This position paper on the Bangsamoro Basic Law was submitted by Fr. Albert E. Alejo, SJ to the Ad Hoc Committee on the Bangsamoro Basic Law on October 29, 2014)
Thank you for your invitation to participate in the meeting of the Ad Hoc Committee on the Bangsamoro Basic Law and to offer a position paper on House Bill No. 4994. Normally, I do not write my homily. But today (October 29, 2014) is a special feast day. It is the 17th anniversary of your landmark legislation, Republic Act 8371, that is more commonly known as the Indigenous Peoples’ Right Act. Let me then focus my manifestation today on one proposition: If we want the Bangsamoro Basic Law to really lead to a just, inclusive and long-lasting peace in Mindanao, then it must, among other things, guarantee the recognition, respect and implementation of the Indigenous Peoples Right Act (IPRA). Please allow me to explain.
ARMM was a failed experiment,
not just because of corruption,
but because it failed to do justice
to the indigenous peoples.
President Aquino has declared Autonomous Region in Muslim Mindanao as a “failed experiment.” And both Government and the MILF agree that “the status quo is unacceptable”. I believe this failure is not just because of wasted resources, environmental degradation, gender violence, proliferation of illicit trade, among other things, but also because both the ARMM and Malacanang have consistently and jointly failed to render justice to the legitimate struggle of the indigenous peoples for dignity and self-determination.
Congress gloriously enacted the IPRA in 1997, the same year that the Philippine Government formally started peace talks with the Moro Islamic Liberation Front (MILF). But in all these 17 years—and it was not the fault of the MILF—the Magna Carta for the indigenous peoples’ rights has been rebuffed in the ARMM.
Under many regimes, ARMM and the Central Government neither implemented the IPRA nor enacted an equivalent law in the region. They did not install the National Commission on Indigenous Peoples (NCIP) and did not allow the delineation of the ancestral domains of the Tedurays, the Lambangians, and the Dulangan Manobos, despite their relentless but peaceful advocacy. This rejection has sent sad signals even to the neighboring tribes like the Erumanen Manobo, the Higaonon, the B’laan, the Obo Manobo, among others, whose collective identities are tied to their own inherited territories.
To secure the rights of the indigenous peoples
while correcting injustice to the Bangsamoro—
that is really revolutionary, because
it puts a stop to the whole colonial project.
Now, it would be a triumph of the present peace process if the Bangsamoro Basic Law would correct this ‘historical and continuing injustice’, this ‘unacceptable status quo’, this ‘failed experiment’, by explicitly guaranteeing—in letter and spirit—that at the minimum it will affirm, respect, implement and, to the extent possible, improve on the Indigenous Peoples Rights Act.
Come to think of it, this call, which I firmly support, is not asking for anything new or superfluous. The IPRA is already an established national law. Adopting IPRA may also solve the BBL need for clear legal definitions that have passed the test of constitutionality in the High Court. What it needs is stronger implementation, not derogation. The Bangsamoro Basic Law must therefore make sure—in letter and spirit—that it will not in any way diminish the IP rights that are already protected by both national and international legal instruments. I am confident that embracing IPRA in the BBL will be a unique contribution to the cessation of the whole colonial project, and will be a sure sign of sincerity of this revolutionary peace process.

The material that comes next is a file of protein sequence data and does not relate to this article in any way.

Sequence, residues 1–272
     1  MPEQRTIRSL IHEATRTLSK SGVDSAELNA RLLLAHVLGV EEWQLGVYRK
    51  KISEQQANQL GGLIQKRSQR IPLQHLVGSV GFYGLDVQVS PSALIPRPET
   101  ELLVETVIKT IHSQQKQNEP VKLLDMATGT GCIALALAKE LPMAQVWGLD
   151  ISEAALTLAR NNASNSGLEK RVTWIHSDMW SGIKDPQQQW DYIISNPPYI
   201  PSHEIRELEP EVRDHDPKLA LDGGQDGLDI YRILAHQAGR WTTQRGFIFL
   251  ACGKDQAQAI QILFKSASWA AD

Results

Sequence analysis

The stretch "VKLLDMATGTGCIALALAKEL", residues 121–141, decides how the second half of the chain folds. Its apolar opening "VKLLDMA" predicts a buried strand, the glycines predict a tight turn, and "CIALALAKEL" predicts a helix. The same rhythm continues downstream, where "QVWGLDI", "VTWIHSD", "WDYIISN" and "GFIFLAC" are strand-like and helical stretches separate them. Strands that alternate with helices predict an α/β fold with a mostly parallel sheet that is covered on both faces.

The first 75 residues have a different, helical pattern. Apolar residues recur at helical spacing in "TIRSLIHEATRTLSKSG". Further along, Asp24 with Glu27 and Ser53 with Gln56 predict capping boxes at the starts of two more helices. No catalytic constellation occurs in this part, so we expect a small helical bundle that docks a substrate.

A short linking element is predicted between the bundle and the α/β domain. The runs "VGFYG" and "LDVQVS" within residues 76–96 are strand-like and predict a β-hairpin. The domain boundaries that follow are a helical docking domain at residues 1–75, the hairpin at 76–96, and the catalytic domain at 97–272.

It is precisely for this cessation of the colonial project that the Supreme Court defended the IPRA against those attacked its constitutionality. Former Chief Justice Reynato Puno eloquently expounded the wisdom of the Supreme Court decision:
“The struggle of the Filipinos throughout colonial history had been plagued by ethnic and religious differences. These differences were carried over and magnified by the Philippine government through the imposition of a national legal order that is mostly foreign in origin or derivation. Largely unpopulist, the present legal system has resulted in the alienation of a large sector of society, specifically, the indigenous peoples. The histories and cultures of the indigenes are relevant to the evolution of Philippine culture and are vital to the understanding of contemporary problems. It is through the IPRA that an attempt was made by our legislators to understand Filipino society not in terms of myths and biases but through common experiences in the course of history. The Philippines became a democracy a centennial ago and the decolonization process still continues. If the evolution of the Filipino people into a democratic society is to truly proceed democratically, i.e., if the Filipinos as a whole are to participate fully in the task of continuing democratization, it is this Court’s duty to acknowledge the presence of indigenous and customary laws in the country and affirm their co-existence with the land laws in our national legal system.”